The essays in
The Philosophy of Spirituality explore a new field in philosophy. Until recently, most philosophers in the analytic and continental Western traditions treated spirituality as a religious concept. Any non-religious spirituality tended to be neglected or dismissed as irremediably vague. Here, from various philosophical and cultural perspectives, it is addressed as a subject of independent interest.
This is a philosophical response to increasing numbers of spiritual but not religious people inhabiting secular societies and the heightened interaction between a multitude of spiritual traditions in a globalized age. A provocative array of approaches (African, Indigenous, Indian, Stoic, and Sufic perspectives, as well as Western analytic and continental views) offer fresh insights, many articulated by emerging voices.
Contributors are Mariapaola Bergomi, Moses Biney, Christopher Braddock, Drew Chastain, Kerem Eksen, Nikolay Milkov, Roderick Nicholls, Jerry Piven, Heather Salazar, Eric Steinhart, Richard White, Mark Wynn and Eric Yang.
Lamennais: A Believer’s Revolutionary Politics, edited by Richard A Lebrun, offers English translations (by Lebrun and Jerry Ryan) of the most influential and controversial writings of Félicité de Lamennais, a French priest who began his career as a Traditionalist, became the founder of Liberal Catholicism in the early 1830s, and then left the Church after his ideas were condemned by Rome. Sylvain Milbach’s comprehensive Introduction and Annotations place these writings in the context of the author’s intellectual history and the political, religious, and intellectual situation in France in the first half of the 19th century.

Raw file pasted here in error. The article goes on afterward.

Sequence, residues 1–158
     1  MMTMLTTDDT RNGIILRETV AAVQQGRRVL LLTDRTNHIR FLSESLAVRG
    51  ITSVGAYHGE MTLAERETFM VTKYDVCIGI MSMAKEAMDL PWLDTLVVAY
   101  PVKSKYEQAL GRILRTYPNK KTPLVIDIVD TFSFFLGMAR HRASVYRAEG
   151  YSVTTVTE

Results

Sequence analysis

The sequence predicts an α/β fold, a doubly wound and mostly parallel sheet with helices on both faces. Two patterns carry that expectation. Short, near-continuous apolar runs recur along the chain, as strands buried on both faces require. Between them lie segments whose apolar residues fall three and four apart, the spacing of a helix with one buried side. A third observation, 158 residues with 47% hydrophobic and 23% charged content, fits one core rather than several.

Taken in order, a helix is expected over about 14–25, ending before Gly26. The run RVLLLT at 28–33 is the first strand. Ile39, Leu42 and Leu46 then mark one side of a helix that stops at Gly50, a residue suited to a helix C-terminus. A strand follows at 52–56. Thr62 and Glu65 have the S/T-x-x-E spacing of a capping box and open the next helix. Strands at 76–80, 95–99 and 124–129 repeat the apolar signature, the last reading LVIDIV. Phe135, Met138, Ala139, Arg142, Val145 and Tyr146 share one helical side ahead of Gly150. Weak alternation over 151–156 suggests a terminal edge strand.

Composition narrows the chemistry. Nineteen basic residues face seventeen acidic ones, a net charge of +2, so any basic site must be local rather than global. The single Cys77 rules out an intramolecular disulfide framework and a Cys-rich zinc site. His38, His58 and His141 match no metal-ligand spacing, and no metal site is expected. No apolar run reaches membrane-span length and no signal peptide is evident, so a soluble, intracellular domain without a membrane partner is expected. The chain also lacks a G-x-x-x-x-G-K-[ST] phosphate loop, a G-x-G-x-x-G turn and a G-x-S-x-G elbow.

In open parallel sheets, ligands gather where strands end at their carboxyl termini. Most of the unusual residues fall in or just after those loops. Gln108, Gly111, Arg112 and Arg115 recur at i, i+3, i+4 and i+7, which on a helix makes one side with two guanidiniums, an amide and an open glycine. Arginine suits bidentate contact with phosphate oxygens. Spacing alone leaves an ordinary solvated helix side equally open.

Lamennais challenged traditional religious, political, and social thinking, leaving a fiercely debated reputation. The writings translated here allow 21st-century readers to judge him for themselves.
The experience of displacement is shared by people who work internationally. The capacity to be displaced is a necessary strength and skill for people working across cultures, particularly for missionaries. In order to deal with the stressful nature of displacement people need to be resilient, resilience makes people flourish in adverse circumstances. This volume presents a specific type of resilience, namely “resilience nourished by inner sources.” Cultivating inner resilience draws on all the facets of a person’s interior life: thoughts and memories, hopes and desires, beliefs and convictions, concerns and emotions. The notion of inner strength and resilience from within is developed using many examples from missionaries and development workers as well as case studies from all over the world.
Sacrifice seems to belong to a religious context of the past. In
Sacrifice in Modernity: Community, Ritual, Identity it is demonstrated how sacrificial themes remain an essential element in our post-modern society. The shaping of community, performing rituals and the search for identity, three main characteristics of traditional sacrifice, are dynamics of our modern times as well which cannot be understood without sacrificial awareness. This is demonstrated in such areas as the German poet Hölderlin, Harry Potter, martyrdom, the Twilight Saga, the Japanese writer Endo, Tarkovsky, movies and more.